It is not that the Federal Government hasn’t had, what he thought, was the best interest of the American Indian in mind. In 1885 the “leaders in the reform movement of the Indian were a group of earnest men and women who unabashedly call themselves the friends of Indians” (Calloway, 2004, p. 267). These leaders thought themselves to be saving the Native from themselves and extinction (Calloway, 2004). There was 4,000,000 dollars of treaty money for American Indian education (Calloway, 2004, p.361). The “Indian problem” problem would go away, it was thought, when Native Americans were assimilated into society and the tribes ceased to exist (Calloway, 2004, p. 367). The Indian was the ward of the government and a good guardian would educate and make sure they could “take care of themselves” (Calloway, 2004, p. 369). Laws and education were forced on this people, and Indians were to be civilized and Christianized. Education was the means to save the individual. (Calloway, 2004).

Another major obstacle is that I do not live in the area. I would have no personal, grassroots effect on an improvement change project involving supplying books to children under five and in their early years in school. Even when I lived on the Reservation I thought myself to be an outsider of sorts and merely tolerated.

Disruptive behaviors at MSD needed to change. Improvement could be affected by “intergenerational closure” (Hart and Risley, 2011, p. 23). Intergenerational closure is defined as social networking of community and family relationships between generations. (Hart and Risley, 2011). Fullan (2016) states that “effective networking requires: 1. Ownership; 2. Levels of involvement; 3. Practical focus; 4. Making time; 5. Commitment to values; 6. Shared responsibility” (p. 202). Improved changes in disruptive behavior of students would affect relationships in the school, and would radically affect the high teacher turnover existent at MSD.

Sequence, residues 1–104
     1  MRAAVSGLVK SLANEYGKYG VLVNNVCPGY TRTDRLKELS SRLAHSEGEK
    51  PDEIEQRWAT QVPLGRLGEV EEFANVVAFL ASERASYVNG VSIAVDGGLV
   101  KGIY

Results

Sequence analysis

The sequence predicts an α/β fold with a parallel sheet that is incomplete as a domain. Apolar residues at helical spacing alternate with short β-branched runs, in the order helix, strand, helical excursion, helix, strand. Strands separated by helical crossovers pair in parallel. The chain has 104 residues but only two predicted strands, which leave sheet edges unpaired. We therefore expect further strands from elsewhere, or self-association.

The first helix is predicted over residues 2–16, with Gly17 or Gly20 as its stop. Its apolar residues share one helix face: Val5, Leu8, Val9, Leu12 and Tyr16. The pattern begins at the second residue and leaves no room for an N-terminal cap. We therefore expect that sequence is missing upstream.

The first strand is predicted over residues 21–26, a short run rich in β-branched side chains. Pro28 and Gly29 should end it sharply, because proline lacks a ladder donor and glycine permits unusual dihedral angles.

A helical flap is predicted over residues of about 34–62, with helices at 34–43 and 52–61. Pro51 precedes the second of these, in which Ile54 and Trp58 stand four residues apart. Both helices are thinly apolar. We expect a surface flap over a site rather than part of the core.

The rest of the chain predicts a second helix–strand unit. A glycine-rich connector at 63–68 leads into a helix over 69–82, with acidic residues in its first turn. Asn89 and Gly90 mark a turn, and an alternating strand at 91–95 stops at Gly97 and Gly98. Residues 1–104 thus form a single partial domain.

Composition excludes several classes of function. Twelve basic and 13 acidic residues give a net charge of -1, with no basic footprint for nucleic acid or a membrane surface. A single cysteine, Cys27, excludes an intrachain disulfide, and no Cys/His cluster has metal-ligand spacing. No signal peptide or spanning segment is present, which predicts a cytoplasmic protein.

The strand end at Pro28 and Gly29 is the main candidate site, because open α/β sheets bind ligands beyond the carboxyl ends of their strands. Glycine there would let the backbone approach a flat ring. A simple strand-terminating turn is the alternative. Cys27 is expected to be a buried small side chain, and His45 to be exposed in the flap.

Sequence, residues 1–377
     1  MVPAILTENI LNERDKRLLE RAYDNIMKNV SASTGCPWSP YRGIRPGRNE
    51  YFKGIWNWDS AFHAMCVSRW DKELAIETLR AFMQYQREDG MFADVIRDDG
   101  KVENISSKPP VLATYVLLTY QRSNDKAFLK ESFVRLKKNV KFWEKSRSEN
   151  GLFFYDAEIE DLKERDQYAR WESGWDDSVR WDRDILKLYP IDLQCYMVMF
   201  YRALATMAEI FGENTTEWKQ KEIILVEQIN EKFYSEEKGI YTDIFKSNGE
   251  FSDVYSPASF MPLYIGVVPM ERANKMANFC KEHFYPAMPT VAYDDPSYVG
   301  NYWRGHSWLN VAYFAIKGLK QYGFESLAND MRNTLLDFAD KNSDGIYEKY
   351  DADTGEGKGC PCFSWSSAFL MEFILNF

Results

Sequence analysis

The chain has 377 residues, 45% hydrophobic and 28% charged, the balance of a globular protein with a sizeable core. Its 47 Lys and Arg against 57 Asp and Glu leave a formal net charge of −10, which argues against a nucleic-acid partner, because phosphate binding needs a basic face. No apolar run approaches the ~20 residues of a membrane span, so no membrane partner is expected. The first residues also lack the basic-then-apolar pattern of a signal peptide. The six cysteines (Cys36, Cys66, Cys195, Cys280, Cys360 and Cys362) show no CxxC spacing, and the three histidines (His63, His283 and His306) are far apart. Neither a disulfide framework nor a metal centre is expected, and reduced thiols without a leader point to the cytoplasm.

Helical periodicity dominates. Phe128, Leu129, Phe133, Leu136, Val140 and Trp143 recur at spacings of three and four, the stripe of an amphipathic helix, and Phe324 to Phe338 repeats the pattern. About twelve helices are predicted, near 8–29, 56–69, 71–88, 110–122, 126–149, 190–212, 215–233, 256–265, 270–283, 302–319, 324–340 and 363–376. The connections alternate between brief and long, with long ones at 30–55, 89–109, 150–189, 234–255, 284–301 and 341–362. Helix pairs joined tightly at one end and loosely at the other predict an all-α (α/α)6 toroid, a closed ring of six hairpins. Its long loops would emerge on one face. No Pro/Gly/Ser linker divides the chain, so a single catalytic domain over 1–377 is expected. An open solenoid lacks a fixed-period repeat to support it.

Change takes time to occur (Fullan, 2016). As Kotter (1995) as cited in Reeves (2006) states, in order for change to come about there must be “islands of excellence” to carry out the change (p.32). The “Island of Excellence” at McLaughlin School District that I was aware of was the Dean of Students. I have contacted him for teachers contact information about the Wolakota Project in the school. He has been around the Reservation and school a good number of years, knows the community and families, and is a basketball coach, a symbol very important in the school for its temple and carnival effect. (Bolman and Deal, 2013, p. 16).

Change Topic Analysis

The frames I would consider that fits the High School best are the human resource frame and the political and symbolic frames to the greatest degree. Because individual commitment and motivation were an essential part of teaching the students I would have to say the human resource frame was the most important. Because there was such a great amount of uncertainty and ambiguity, conflict between principal and staff, and we didn’t know what the principal would do next, plus scarce resources, for example, the textbooks had to stay in the room because more wouldn’t be bought, the political and symbolic frame had a say.


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Low reading ability in a High School in South Dakota. What are possible improvement measures?
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Stephen Grams (Author), 2018, Low reading ability in a High School in South Dakota. What are possible improvement measures?, Munich, GRIN Verlag, https://www.grin.com/document/458815